LSU Bowls over Florida's Vaunted Run D, Can Tigers Do the Same to Alabama?
Derick E. Hingle-USA TODAY Sport
Baton Rouge, La.—The LSU Tigers of old arose from the dead in Death Valley on Saturday.
LSU football played vintage LSU football against Florida, defeating the Gators 17-6. The Tigers dominated the battle in the trenches, averaging 4.5 yards per rush while only allowing 2.8.
LSU has won its games primarily through the arm of quarterback Zach Mettenberger so far this season. But the Tigers got back to what has won Les Miles 91 games through eight-plus years in Baton Rouge.
Beat 'em down, grown man, ground-and-pound tackle football.
The Tigers' win is not only the definition of old-school LSU football, but SEC football as well. Fans have witnessed air raids in every SEC game that featured Top 20 opponents this season.
The offensive line mauled the Gators in the fourth quarter behind Jeremy Hill and an improved offensive line. Miles, a former offensive lineman at Michigan, loves it that way.
"As quality of a defensive line and as well as they played, I gotta be real honest with you, I did not see much pressure in that backfield," said Miles.
The Florida defense came in to Saturday's game leading the conference in all statistical categories. While the Gators only gave up 17 points, it could not stop the Tigers from picking up chunks of yardage.
What Miles probably loves the most was the simplicity of the running plays. The Tigers out-executed the Gators up front, according to defensive end Damien Jacobs.
"They really didn't do anything special, they just played physical," said Jacobs.
LSU closed the game out emphatically by grinding down the Gators.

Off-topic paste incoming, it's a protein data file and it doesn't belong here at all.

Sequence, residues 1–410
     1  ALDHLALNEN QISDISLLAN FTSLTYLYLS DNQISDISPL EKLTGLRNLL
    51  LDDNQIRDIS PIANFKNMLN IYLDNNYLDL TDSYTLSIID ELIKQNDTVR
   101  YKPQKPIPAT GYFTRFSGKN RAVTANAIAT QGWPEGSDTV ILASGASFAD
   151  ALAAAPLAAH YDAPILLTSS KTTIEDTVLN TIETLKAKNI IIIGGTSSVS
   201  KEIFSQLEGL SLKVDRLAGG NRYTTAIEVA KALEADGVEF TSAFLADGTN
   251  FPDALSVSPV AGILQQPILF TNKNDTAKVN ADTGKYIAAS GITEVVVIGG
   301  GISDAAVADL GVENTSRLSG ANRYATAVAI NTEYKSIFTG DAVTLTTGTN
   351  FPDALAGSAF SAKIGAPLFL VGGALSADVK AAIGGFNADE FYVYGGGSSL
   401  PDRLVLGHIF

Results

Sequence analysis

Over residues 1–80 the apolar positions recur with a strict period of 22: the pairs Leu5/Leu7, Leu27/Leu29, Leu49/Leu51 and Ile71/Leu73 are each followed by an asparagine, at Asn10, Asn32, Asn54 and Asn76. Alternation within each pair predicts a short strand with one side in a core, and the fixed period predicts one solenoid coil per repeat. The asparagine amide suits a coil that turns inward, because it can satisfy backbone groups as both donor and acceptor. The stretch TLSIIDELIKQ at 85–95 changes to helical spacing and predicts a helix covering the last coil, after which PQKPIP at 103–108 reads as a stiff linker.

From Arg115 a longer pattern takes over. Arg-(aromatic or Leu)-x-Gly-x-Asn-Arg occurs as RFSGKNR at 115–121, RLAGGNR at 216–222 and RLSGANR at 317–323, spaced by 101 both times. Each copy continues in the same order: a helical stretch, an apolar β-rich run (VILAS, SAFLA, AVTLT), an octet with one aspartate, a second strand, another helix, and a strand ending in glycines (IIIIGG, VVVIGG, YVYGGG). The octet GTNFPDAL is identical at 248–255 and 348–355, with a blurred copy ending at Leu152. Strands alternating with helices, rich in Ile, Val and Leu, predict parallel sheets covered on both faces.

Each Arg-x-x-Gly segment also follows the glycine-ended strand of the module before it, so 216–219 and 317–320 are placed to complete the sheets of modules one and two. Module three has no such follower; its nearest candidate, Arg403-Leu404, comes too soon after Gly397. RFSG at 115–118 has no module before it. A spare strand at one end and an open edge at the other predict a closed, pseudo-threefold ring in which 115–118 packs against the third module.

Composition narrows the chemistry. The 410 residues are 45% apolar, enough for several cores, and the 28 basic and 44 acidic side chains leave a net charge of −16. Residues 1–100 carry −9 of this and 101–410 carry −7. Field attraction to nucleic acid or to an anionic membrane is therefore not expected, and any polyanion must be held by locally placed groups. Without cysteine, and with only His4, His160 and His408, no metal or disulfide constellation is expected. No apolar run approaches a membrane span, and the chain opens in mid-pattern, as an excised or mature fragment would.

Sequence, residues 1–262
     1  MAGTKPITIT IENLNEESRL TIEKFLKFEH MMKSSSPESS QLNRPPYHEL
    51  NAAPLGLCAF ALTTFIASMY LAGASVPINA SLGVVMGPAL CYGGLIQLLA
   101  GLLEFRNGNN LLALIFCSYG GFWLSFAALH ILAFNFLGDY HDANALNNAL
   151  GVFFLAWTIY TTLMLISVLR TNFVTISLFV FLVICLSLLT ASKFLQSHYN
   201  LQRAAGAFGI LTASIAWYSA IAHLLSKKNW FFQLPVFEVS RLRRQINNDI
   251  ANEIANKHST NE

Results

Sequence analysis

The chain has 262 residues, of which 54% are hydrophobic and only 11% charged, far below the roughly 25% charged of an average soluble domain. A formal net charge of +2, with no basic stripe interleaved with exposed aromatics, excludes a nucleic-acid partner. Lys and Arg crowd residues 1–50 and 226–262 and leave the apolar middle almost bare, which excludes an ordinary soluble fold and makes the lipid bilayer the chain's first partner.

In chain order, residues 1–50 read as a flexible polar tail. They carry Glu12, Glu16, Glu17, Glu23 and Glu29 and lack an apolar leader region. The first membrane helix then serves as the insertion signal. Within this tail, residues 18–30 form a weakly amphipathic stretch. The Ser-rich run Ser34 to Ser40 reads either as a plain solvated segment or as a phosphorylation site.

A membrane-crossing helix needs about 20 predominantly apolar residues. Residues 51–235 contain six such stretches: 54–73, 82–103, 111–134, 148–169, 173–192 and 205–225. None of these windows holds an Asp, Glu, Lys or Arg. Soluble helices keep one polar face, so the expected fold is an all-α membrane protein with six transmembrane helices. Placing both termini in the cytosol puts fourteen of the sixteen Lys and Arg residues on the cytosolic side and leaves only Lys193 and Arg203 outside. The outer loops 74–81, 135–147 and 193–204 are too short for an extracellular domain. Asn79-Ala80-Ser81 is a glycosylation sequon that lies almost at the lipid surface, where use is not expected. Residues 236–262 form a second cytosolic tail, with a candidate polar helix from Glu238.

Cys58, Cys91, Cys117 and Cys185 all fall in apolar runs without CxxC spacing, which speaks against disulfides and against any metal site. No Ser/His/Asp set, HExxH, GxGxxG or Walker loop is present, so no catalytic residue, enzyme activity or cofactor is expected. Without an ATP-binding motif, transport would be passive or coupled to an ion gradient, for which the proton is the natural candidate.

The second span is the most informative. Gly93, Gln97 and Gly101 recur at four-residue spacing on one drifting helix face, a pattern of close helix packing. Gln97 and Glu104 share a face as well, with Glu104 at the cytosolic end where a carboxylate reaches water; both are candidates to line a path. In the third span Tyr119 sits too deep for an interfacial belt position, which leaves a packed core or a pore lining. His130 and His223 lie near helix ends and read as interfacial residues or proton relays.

"We knew going into this game we would have to run the ball to be successful," said Hill. "We got the first downs we needed to ice the clock."
Florida head coach Will Muschamp was frustrated with his team's inability to stop Hill. The Gators held opponents to 62 yards rushing per game before Saturday. Hill and the LSU offense finished with 175.
"I think it starts with consistently being able to run it and stop the run. You have to try to make it a one-dimensional game," said Muschamp. "Our guys could not shed blocks."
Miles mentioned all five of his offensive linemen in the postgame, and deservedly so. Left tackle La'el Collins, left guard Vadal Alexander, center Elliott Porter, right guard Trai Turner and right tackle Gerald Hawkins played the best game together as a unit.
Turner said it helps having Hill running behind him.
"You do not want to see that guy (Hill) every play. Not only will he take a beating, you will take a beating too," said Turner.
The Tigers opened creases against the Florida 3-4 defense. LSU failed to do that against the three-man front of Georgia earlier this year, accumulating a season-low 77 yards rushing.
The Tigers still have to face Alabama, another 3-4 defense packed with NFL talent. The Crimson Tide defense has begun to hit its stride with stellar performances against Ole Miss and Kentucky.
Last season, Hill rushed for 107 yards and a touchdown against the Crimson Tide. LSU's chances exponentially increase in early November if it has a repeat performance from Hill.
Will LSU Rush For over 150 yards against Ole Miss and Alabama?
Turner feels that the schematics of a defense does not matter if everybody does his job across the offensive line.
"As long as we win our one-on-one matchup in front of us, we're going to be successful," said Turner.
Turner said the communication along the offensive line was better partially because they were at home. Before LSU travels to Tuscaloosa to play Alabama, it must go to Oxford next week to play a talented Ole Miss front. The crowd will be raucous at both locations.
Expect continued success from the LSU running game no matter the opponent.
Miles says and does crazy things on and off the gridiron. But overall, he is a simple man.
LSU's victory against Florida was highlighted by basic running plays. And "The Mad Hatter" probably prefers it that way.
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